“What imagination! Mrs. Gontcharova, our famous ‘Futuristic’ painter has gone beyond all confines of what a child’s fantasy can construct.”
(Prince Sergei Volkonsky)
"It changed my whole life."
(Natalia Goncharova accepting Diaghilev’s commission)
“The objects that we see in life do not play any role here, the essence of the painting itself - the color
combination, its richness, the relationships of the color masses, depth and texture - can be best of all
A Singular Masterpiece at TEFAF New York Spring
GALERIE GMURZYNSKA is exhibiting a single masterpiece of enormous scale and seminal historic importance. The 366 x 512 inch (9 x 13 meter) painting was created in 1914 for the world’s most famous ballet company of all time, Sergei Diaghilev’s Ballets Russes, and was presented 105 years ago in Paris and London, just before the outbreak of World War I.
Like once before at the Royal Albert Hall in 2005, the work is suspended from the ceiling of the majestic Park Avenue Armory Wade Thompson Drill Hall, accompanied by a special exhibition stand designed by internationally acclaimed designer Tom Postma.
Natalia Goncharova’s backdrop is the only surviving large scale painting from this Diaghilev production. It is also one of very few important large scale backdrop paintings, another being Picasso’s stage cloth for Diaghilev’s Le Train Bleu, today in the collection of the Victoria & Albert Museum in London.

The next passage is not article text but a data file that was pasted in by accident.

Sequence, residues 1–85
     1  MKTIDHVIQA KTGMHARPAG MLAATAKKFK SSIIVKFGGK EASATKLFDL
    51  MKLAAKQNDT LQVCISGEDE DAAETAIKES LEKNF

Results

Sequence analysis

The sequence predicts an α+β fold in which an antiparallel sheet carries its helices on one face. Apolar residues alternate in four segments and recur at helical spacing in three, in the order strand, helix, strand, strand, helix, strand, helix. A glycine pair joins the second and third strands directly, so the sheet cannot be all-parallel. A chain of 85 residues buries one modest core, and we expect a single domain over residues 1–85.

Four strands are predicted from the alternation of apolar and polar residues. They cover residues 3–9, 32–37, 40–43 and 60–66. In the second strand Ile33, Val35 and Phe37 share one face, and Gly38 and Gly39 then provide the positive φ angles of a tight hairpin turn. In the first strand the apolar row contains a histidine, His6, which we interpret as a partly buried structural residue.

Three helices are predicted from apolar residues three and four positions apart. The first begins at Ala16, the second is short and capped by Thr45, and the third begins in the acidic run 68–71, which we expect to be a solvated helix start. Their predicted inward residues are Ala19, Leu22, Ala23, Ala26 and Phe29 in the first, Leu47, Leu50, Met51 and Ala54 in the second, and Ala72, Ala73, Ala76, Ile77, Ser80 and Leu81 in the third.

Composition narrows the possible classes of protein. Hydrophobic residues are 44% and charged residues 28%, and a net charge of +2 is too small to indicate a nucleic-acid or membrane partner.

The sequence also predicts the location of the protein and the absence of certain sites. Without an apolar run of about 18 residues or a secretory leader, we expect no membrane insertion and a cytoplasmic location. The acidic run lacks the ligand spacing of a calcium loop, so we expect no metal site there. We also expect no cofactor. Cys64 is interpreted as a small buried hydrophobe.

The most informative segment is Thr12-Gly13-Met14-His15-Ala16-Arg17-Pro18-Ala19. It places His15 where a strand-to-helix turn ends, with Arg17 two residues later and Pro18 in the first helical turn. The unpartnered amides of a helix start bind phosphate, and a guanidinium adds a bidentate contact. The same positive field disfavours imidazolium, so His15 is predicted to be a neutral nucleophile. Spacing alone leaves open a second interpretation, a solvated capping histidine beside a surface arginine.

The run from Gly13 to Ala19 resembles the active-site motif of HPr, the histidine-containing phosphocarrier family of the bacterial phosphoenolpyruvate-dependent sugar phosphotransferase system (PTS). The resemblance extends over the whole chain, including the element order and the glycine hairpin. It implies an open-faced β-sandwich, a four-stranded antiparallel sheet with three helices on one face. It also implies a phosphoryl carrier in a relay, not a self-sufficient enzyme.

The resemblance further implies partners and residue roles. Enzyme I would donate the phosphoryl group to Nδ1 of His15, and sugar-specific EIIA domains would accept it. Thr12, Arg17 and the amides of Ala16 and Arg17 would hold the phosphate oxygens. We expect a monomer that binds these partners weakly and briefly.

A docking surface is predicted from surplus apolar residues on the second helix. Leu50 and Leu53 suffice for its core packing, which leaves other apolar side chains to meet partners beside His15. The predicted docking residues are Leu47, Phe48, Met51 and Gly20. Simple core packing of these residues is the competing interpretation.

Le Coq d’Or was sold in 1968 at the famed Diaghilev Sale at Sotheby’s London, and has since been shown at the State Russian Museum in St. Petersburg, the Royal Albert Hall in London, and the MART Museum with a SKIRA publication entitled The Dance of the Avant-Garde, paintings, scenes and costumes from Degas to Picasso, from Matisse to Keith Haring.
The presentation at TEFAF coincides with a strong renewed interest in the work of Natalia Goncharova. A major retrospective of the artist opens at the Tate Modern London in June of 2019, where an entire room will be dedicated to Goncharova and Diaghilev’s Ballets Russes, including designs for Le Coq d’Or.
With Goncharova’s radicalism starting in the 1910’s, at a time when female painters in Europe and the US would not have dared to use body-painting or to promote Cubism, Futurism, and Rayism as she did, not to mention her provocative personal behavior, Goncharova is as relevant today as ever.